For a full understanding of the present invention, reference should now be made to the following detailed description of the preferred embodiments of the invention and to the accompanying drawings.
FIG. 1 is a fluid flow diagram according to a first preferred embodiment of the present invention in which discharge vessels are used.
FIG. 2 is a fluid flow diagram according to a second preferred embodiment of the present invention, in which flow controllers are used.
The principle of the present invention will be explained with reference to FIG. 1 which illustrates the mixture of two gas components A and B, each of which is supplied from a tank (not shown) to a pipeline 1 and 2, respectively. These pipelines 1, 2 have branches 3, 4, that extend in each case into a discharge vessel 5, 6, which is filled at least partially with a liquid 7, 8. The ends of the branches 3, 4 are completely immersed in the respective liquid 7, 8. In the upper region of each discharge vessel 5, 6, is a nozzle-shaped opening 9, 10, through which the gases can escape.
After they have passed over the respective discharge vessels 5, 6, gases A and B are supplied to a valve 11 which can also be described as a chopper valve. This valve 11 is preferably a magnetic valve controlled by a microprocessor 12 which is programmed to supply pulse-width modulated pulses to the valve 11. The gas or gas mixture passing out of the valve 11 is supplied to a vessel 13 which serves as buffer. After the gas or gas mixture has passed through vessel 13, it is supplied over a throttle valve 14 to a gas pump 15, the outlet of which is connected to a gas analyzer (not shown).
The apparatus shown in FIG. 1 represents a type of gas modulator which, with the help of the valve 11, switches over between the gas components A and B. The open times for the respective gas components are fixed here by the microprocessor 12, which provides width-modulated pulses to the valve 11. The individual gas streams are then mixed in the vessel 13 and conveyed by the gas pump 15, which may, for example, be a simple membrane pump, into the gas analyzer.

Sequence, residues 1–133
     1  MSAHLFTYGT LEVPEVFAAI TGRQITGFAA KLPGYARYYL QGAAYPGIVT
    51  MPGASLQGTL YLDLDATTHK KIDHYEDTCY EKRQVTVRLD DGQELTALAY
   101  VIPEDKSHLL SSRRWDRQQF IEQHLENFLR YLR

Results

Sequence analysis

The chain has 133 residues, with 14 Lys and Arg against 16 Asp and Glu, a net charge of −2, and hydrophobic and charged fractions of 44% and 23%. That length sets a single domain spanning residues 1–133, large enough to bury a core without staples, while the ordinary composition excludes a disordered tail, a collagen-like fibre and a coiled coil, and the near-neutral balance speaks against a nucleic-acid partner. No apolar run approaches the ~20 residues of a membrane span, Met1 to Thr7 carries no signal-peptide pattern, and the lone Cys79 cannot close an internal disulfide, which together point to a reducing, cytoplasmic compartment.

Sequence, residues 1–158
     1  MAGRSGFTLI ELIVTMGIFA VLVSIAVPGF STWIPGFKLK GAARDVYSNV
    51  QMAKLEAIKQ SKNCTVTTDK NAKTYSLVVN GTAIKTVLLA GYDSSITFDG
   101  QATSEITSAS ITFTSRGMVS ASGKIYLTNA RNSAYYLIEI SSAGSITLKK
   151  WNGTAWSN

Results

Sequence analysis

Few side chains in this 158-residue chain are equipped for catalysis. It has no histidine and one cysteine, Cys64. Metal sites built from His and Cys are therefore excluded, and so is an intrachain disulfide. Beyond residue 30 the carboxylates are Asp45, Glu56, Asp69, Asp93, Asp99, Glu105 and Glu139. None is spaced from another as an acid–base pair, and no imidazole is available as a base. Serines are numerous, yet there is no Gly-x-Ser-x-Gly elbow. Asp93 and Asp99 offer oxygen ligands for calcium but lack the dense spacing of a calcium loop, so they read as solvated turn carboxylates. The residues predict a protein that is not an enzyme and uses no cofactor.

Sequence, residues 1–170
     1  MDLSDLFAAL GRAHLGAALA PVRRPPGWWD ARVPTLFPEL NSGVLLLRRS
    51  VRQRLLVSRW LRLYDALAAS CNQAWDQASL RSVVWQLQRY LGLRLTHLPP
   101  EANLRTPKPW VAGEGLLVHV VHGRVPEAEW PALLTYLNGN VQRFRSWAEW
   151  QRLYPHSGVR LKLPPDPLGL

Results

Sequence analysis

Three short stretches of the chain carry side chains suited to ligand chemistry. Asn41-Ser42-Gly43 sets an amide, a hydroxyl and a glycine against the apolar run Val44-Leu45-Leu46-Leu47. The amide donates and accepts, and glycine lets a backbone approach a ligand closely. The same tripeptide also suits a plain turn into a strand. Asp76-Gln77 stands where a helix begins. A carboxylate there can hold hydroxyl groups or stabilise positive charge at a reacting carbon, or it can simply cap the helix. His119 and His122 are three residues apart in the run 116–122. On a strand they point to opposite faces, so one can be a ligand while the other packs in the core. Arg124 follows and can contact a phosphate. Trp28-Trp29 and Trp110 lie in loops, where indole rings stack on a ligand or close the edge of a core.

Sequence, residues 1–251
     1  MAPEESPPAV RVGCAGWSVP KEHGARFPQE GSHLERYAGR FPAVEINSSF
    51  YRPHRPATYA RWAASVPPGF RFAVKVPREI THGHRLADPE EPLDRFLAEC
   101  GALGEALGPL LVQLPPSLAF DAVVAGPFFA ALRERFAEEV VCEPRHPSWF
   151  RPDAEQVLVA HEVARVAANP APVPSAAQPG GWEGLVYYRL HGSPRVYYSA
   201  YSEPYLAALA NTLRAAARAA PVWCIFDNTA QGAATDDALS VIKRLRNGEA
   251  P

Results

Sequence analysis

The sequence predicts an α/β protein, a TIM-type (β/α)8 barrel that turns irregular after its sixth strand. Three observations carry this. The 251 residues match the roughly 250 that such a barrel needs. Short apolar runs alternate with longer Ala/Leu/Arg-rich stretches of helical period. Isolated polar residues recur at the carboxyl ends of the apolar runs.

The vessel 13 and the throttle valve 14 must be disposed ahead of the gas pump 15 because the output of the gas pump 15 depends on the type of gas. If the gas pump 15 were to be disposed ahead of the vessel 13 and the throttle valve 14, it would be acted upon by gas that had not yet been mixed and, consequently, the pump output would not be continuous. These output fluctuations are eliminated by disposing the gas pump 15 downstream from the vessel 13 and the throttle valve 14. They can therefore not affect he calibration accuracy.
How a particular gas concentration can be fixed with the help of the apparatus according to the invention will now be described. For this purpose:
V is the gas output of the gas pump 15 in liters/minute;
t.sub.1 is the time that the valve 11 is open for test gas A;
t.sub.2 is the time that the valve 11 is open for test gas B; and
c is the gas concentration in percent of test gas A after vessel 13.
The concentration of test gas A is then given by: ##EQU1##
Since the gas output, V, occurs in the numerator as well as in all elements of the denominator of the fraction, it cancels out, giving the equation ##EQU2##
It follows from this that the adjusted gas concentration is independent of the output of the pump.
Since the ratio t.sub.1 /t.sub.2 can be adjusted to almost any value, this is true also for the ratio t.sub.1 /t.sub.2 +t.sub.2 and therefore also for the gas concentration c.